A cold November morning, and I am sitting and thinking about the season just concluded. I slipped the little Thomas from it’s tube and caught the scent of varnish from the ancient bag. I turned it in my hand, admiring the delicate grip, the lovely amber of the vintage cane accented with bright red silks. There’s a touch of sorrow as I return the rod to it’s case; I didn’t fish it this season. I started to a dozen times, but then chose another foil for the day’s looked for skirmishes. That’s the way it goes sometimes with cherished things.
The rod is dear to me, foremost because I own it thanks to the kindness of a friend. Its history makes it important as well, for there is more than one hundred years of experience in that rod, just a handful of them mine. Daydreaming sometimes I can picture old Fred Thomas turning the finished rod in his hands, inspecting it to ensure it’s worth to bear his name, before sending it off to an impatient angler anxious to cast a Thomas rod. I wonder about that angler, and his days with the rod.
Was he local, fishing the wilds of Maine back in 1918 when the rod was new and the brook trout epically large? Was he perhaps a New York angler, headed off for spring here in the Catskills, eager to cast the new Hendrickson dry fly with this lithe yet powerful lance? I’ll never know the details of that history, and thus I dream…
My brief history with the rod began in it’s ninety-ninth year, wading the West Branch Delaware at a favorite haunt. The morning was glowing as I gazed from bright water to the sparkling red silks on amber cane. The old rod was beautiful, restored by my friend at his rod shop beside that same river: immaculate work! I cast to the rise I found and felt the energy of a large brown through each fiber of that century old bamboo; thus my time with the Thomas was charmed from those first moments.
It seemed the Thomas brought good fortune whenever I carried it astream, and each outing led me to cherish it more. Summer on the West Branch can be a heady time, and it was on such a summer afternoon that the good fortune of the old Dirigo reached a climax. In the motto of the great State of Maine, Dirigo, ” I direct”, refers to the North Star emblazoned upon the State Seal. Indeed the ancient Thomas directed me to that afternoon that lives brightly in this angler’s memory.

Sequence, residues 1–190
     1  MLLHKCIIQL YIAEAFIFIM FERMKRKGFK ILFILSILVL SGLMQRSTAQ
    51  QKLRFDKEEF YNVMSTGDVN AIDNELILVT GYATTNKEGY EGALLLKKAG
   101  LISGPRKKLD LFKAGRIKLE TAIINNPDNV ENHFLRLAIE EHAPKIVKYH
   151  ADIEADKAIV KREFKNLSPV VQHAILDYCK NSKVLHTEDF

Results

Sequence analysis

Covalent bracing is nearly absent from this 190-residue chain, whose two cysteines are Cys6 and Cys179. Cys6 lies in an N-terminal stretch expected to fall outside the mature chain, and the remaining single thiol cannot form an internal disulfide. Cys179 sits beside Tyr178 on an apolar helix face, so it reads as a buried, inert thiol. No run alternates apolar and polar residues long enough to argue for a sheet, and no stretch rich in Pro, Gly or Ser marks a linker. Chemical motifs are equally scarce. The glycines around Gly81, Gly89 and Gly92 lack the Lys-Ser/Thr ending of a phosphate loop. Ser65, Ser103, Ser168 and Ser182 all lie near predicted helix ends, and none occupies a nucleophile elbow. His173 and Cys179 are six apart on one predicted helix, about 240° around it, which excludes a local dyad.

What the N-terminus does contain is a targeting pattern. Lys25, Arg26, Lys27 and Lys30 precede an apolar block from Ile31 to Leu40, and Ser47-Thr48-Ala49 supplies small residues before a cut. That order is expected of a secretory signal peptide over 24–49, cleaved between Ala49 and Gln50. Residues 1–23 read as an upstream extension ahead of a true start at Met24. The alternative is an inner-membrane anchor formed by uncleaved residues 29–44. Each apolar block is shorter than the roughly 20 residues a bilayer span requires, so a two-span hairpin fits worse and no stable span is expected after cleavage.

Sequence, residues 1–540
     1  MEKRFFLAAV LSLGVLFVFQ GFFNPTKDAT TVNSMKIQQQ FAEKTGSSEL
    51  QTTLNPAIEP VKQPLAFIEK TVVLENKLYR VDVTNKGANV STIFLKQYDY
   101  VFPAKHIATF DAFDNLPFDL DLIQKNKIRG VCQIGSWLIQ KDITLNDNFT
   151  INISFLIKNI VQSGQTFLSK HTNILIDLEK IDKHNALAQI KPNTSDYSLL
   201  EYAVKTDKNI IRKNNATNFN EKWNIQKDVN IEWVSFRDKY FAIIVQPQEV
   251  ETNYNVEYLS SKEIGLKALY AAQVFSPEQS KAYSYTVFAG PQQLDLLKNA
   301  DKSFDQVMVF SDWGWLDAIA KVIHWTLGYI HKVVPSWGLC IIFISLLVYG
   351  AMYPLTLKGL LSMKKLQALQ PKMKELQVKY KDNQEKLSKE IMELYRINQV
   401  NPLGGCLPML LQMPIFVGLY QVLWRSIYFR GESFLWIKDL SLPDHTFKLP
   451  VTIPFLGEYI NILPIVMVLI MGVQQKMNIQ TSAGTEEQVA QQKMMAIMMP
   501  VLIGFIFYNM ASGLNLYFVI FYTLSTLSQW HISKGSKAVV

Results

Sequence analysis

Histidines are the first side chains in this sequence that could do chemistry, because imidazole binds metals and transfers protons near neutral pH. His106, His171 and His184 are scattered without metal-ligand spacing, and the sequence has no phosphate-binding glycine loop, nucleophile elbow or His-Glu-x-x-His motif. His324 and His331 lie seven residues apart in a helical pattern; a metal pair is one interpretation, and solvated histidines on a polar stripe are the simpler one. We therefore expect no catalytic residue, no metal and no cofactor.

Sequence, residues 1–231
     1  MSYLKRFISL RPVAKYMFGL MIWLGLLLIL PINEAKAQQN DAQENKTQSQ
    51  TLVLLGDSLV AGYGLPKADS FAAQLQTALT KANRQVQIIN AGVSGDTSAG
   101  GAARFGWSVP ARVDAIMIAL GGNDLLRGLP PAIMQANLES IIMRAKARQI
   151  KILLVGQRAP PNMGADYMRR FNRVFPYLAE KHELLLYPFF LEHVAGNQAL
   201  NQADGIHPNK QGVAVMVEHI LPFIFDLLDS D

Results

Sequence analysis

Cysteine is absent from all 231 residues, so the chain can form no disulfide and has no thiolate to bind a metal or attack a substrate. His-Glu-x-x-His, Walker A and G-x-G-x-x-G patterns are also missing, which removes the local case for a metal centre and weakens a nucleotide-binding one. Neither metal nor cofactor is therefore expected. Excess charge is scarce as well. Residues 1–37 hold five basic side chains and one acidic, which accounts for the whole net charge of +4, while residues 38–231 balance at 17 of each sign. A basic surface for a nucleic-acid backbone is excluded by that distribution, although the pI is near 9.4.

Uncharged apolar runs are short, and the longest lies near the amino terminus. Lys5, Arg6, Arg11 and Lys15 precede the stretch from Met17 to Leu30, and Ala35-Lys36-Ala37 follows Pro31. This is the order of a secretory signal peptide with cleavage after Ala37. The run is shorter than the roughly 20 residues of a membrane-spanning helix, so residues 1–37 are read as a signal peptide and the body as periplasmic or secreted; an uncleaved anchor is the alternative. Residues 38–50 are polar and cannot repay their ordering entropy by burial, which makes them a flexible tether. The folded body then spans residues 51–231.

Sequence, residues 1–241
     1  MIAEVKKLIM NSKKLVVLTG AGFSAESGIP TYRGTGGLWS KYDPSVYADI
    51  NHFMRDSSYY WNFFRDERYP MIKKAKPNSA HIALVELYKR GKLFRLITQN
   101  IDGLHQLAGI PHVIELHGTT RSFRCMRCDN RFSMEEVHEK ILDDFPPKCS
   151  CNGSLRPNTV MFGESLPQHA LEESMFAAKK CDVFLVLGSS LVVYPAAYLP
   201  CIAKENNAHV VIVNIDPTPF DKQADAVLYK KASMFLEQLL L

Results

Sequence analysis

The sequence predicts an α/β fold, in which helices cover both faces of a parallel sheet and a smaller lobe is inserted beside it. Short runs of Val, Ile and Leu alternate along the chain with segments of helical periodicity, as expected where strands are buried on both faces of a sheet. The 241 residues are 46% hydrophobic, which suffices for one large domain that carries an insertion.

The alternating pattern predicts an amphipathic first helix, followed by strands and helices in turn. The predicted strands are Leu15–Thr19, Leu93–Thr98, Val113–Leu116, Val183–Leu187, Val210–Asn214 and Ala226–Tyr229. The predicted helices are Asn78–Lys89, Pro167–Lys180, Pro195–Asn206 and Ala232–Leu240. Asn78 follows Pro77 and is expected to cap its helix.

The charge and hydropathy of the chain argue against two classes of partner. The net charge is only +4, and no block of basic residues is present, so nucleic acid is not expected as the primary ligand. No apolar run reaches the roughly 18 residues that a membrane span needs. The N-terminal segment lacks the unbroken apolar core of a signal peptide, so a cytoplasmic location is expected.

The sulfur hatch was slow to begin that day, as anglers gathered close to Noon. We waited, then eased along a favorite bank as the first dimpling rises showed. The wild browns have become their wariest by high summer, schooled by hordes of springtime anglers, many not so delicate with their delivery of fly. This day they proved particularly difficult, sipping irregularly during the early hours of a sparse hatch. I managed a pair as I recall, though the details are lost, my memories rewritten by the events of late afternoon.
The hatch had all but concluded, and most anglers had left the river, including a stalwart that I knew who was fishing nearby. I waited, still searching for some disturbance to the rhythm of the current in the dark places along the bank. As time and hope faltered, I eased ever downstream, hoping perseverance might bring a late flurry of the tiny yellow mayflies, and once again, a rise.
At last I saw the glassy surface sprinkled with a few tiny wings and hope returned. A movement caught my eye, a quick sweep in the current beside the submerged bulk of a fallen tree. Watching intently as that sweep ended out in a clear lane of current, I smiled broadly to see it punctuated by a bulging rise. I sensed my opportunity was brief and quickly stripped more line from my reel. I dared not invest precious time to stalk closer, trusting the charmed rod to deliver the fly seventy-five feet away. The cast unrolled with a timeless smoothness until my wrist kicked gently to shock slack into the leader. The glint of the tiny fly winked at me as it drifted down, until that bulge and dimple intercepted its progress.
I often wonder about the culm of Tonkin bamboo old Fred Thomas chose for that rod, for it celebrated the latter hours of its ninety-ninth season in grand style, bent nearly double while the reel screamed and the perspiration dripped from my furrowed brow. I cannot say how many times that trout bored toward the certain freedom of the downed tree, only that the little Dirigo turned him every time. It seemed hours passed as I struggled to lead him to the net, fearing for the delicate tip of the cherished rod, the gossamer tippet, and the tiny size twenty hook that joined us in battle. Each time I thought him ready he charged off into another run. When I finally managed to lift the meshes with that writhing slab of bronze and gold I was breathless!
I thought of the old stories I had read, joyful accounts of a two pound trout, subdued at last. I expect the Thomas had brought more than a few of those to hand in its century. Perhaps that is why it proved so capable and determined to best the twenty-five inch brownie I lifted in my own sagging net that day.
Indeed the old rod is cherished, though I do feel a sadness not to have taken it along this season. Old Fred Thomas’s ghost might disapprove, and my friend would tell me to enjoy the rod and fish it. I will. Such talismans as this are meant to be counted on for the magic within.